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Diplomacy And Divas: Did An Argentine Pop Star Steal Paraguayan Jewels?

Clarin Staff Writer

BUENOS AIRES/ASUNCION - Argentine actress and pop star Moria Casán is still in trouble for supposedly stealing a sapphire and diamond necklace and earring set worth around $85,000. Paraguayan officials have issued an international arrest warrant for Casán, her manager and her assistant.

Her lawyers have requested that she be exempt from preventative incarceration, and have also requested that she be allowed to make all of her court appearances from Argentina, saying that they do not trust that she will be treated fairly in Paraguay.

The actress had borrowed the necklace for a show in Paraguay on July 27. She was supposed to return the necklace after the show, but the jeweler who owns the necklace says that she neither returned the necklace nor contacted him in any way.

Footage from a surveillance camera at the event shows several people entering Casán’s dressing room, where she says the necklace and earrings were stolen from. They include the Paraguayan model Larissa Riquelme and a Paraguayan politician, both of whom have been called in for questioning.

Meanwhile, Casán’s manager, who was also shown on the surveillance video, has disappeared. His lawyer has not seen him since Thursday, and says he does not know his location, although there is no evidence that he has left Argentina.

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Ideas

Joshimath, The Sinking Indian City Has Also Become A Hotbed Of Government Censorship

The Indian authorities' decision to hide factual reports on the land subsidence in Joshimath only furthers a sense of paranoia.

Photo of people standing next to a cracked road in Joshimath, India

Cracked road in Joshimath

@IndianCongressO via Twitter
Rohan Banerjee*

MUMBAI — Midway through the movie Don’t Look Up (2021), the outspoken PhD candidate Kate Dibiasky (Jennifer Lawrence) is bundled into a car, a bag over her head. The White House, we are told, wants her “off the grid”. She is taken to a warehouse – the sort of place where CIA and FBI agents seem to spend an inordinate amount of time in Hollywood movies – and charged with violating national security secrets.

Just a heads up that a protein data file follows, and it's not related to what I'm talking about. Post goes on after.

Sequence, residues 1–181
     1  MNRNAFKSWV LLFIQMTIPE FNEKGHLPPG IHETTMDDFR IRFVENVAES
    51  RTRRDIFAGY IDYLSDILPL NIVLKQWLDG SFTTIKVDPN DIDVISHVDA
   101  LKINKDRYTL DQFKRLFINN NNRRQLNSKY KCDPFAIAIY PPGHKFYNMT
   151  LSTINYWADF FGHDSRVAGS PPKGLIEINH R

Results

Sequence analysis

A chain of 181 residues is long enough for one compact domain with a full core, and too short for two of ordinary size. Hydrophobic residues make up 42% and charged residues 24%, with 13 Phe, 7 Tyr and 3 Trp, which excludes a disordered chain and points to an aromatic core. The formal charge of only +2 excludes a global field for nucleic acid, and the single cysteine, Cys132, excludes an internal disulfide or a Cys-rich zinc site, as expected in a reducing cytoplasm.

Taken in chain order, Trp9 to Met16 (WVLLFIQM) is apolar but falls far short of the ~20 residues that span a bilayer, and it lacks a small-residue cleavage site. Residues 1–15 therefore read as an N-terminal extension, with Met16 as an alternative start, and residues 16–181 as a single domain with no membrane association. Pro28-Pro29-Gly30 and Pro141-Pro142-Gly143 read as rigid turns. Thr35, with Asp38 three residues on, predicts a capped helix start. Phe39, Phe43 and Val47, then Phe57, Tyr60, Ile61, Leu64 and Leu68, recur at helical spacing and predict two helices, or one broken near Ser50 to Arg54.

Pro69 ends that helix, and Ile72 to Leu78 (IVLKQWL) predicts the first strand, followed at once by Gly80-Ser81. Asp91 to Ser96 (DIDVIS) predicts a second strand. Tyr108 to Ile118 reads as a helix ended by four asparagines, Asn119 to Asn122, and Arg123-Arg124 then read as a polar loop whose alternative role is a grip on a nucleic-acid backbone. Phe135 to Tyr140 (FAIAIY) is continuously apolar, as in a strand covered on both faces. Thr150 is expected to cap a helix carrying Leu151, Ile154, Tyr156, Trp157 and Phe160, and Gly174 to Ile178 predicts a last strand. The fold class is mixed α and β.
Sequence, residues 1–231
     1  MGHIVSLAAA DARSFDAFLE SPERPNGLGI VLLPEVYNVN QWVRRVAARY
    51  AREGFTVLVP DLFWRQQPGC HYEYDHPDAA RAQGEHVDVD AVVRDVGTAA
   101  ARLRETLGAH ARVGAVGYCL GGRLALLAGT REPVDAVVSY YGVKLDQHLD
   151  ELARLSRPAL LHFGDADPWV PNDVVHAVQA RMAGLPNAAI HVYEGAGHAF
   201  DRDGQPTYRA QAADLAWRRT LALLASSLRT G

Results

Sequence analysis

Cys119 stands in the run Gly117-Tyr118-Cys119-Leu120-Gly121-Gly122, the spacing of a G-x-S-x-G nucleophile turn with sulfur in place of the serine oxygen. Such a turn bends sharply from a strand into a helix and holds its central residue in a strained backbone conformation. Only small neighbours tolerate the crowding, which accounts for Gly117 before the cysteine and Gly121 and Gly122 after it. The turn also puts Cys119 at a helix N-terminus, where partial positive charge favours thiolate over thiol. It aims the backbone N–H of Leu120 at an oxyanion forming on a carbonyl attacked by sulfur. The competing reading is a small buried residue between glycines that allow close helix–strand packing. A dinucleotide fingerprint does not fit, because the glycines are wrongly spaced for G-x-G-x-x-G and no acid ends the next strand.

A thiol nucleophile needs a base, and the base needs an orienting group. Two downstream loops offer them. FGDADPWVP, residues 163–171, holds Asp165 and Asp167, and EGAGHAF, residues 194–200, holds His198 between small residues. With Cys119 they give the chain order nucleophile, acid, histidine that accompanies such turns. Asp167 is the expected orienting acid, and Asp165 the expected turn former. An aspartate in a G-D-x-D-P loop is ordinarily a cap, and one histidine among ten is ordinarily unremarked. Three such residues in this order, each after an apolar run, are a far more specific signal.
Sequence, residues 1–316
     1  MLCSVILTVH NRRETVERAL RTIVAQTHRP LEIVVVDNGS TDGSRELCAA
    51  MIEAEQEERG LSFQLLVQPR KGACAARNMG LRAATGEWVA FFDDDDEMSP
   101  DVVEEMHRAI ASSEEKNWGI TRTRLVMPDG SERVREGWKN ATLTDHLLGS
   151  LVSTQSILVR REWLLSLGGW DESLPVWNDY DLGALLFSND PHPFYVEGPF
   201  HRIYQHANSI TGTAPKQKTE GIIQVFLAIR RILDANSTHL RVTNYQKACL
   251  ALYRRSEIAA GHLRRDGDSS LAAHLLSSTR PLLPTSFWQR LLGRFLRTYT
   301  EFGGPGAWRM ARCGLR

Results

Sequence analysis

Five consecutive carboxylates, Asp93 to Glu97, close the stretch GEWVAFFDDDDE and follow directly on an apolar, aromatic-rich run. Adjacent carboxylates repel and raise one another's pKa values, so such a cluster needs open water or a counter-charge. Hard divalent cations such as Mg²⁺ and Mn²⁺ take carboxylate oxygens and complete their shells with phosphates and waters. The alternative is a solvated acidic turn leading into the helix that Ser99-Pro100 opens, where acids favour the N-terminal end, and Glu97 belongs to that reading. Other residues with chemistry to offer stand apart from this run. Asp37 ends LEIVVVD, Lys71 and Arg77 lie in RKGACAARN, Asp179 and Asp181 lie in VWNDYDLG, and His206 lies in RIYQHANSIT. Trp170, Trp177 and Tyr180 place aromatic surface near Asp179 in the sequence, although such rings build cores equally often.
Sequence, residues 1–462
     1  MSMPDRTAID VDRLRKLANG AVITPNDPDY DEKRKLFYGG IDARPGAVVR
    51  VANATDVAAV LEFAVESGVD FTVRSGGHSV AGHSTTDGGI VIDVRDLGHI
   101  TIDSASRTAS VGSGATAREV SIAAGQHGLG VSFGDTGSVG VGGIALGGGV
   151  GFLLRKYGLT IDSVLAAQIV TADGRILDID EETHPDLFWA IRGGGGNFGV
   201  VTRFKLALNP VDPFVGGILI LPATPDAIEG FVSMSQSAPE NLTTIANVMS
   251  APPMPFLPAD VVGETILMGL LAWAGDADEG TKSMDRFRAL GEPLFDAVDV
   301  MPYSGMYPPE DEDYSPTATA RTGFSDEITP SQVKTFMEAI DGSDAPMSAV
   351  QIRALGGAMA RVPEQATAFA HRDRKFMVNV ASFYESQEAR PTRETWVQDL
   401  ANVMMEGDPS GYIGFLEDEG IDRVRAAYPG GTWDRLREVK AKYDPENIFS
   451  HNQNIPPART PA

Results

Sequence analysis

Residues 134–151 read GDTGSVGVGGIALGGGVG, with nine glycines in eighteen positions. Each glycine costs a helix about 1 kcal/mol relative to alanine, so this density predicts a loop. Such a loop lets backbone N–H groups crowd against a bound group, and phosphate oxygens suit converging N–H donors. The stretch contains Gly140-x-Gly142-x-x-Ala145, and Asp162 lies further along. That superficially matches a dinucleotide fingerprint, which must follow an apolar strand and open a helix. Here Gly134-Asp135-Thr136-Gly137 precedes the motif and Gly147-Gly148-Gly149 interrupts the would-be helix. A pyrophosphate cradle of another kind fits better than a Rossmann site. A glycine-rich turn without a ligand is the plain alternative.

The Hobson’s choice offered to her is to either face prosecution or suspend “all public media appearances and incendiary language relating to Comet Dibiasky”, an interstellar object on a collision course with earth. Exasperated, she acquiesces to the gag order.

Don’t Look Upis a satirical take on the collective apathy towards climate change; only, the slow burn of fossil fuel is replaced by the more imminent threat of a comet crashing into our planet. As a couple of scientists try to warn humanity about its potential extinction, they discover a media, an administration, and indeed, a society that is not just unwilling to face the truth but would even deny it.

This premise and the caricatured characters border on the farcical, with plot devices designed to produce absurd scenarios that would be inconceivable in the real world we inhabit. After all, would any government dealing with a natural disaster, issue an edict prohibiting researchers and scientists from talking about the event? Surely not. Right?

On January 11, the National Remote Sensing Centre (NRSC), one of the centers of the Indian Space Research Organisation (ISRO), issued a preliminary report on the land subsidence issue occurring in Joshimath, the mountainside city in the Himalayas.

The word ‘subsidence’ entered the public lexicon at the turn of the year as disturbing images of cracked roads and tilted buildings began to emanate from Joshimath.

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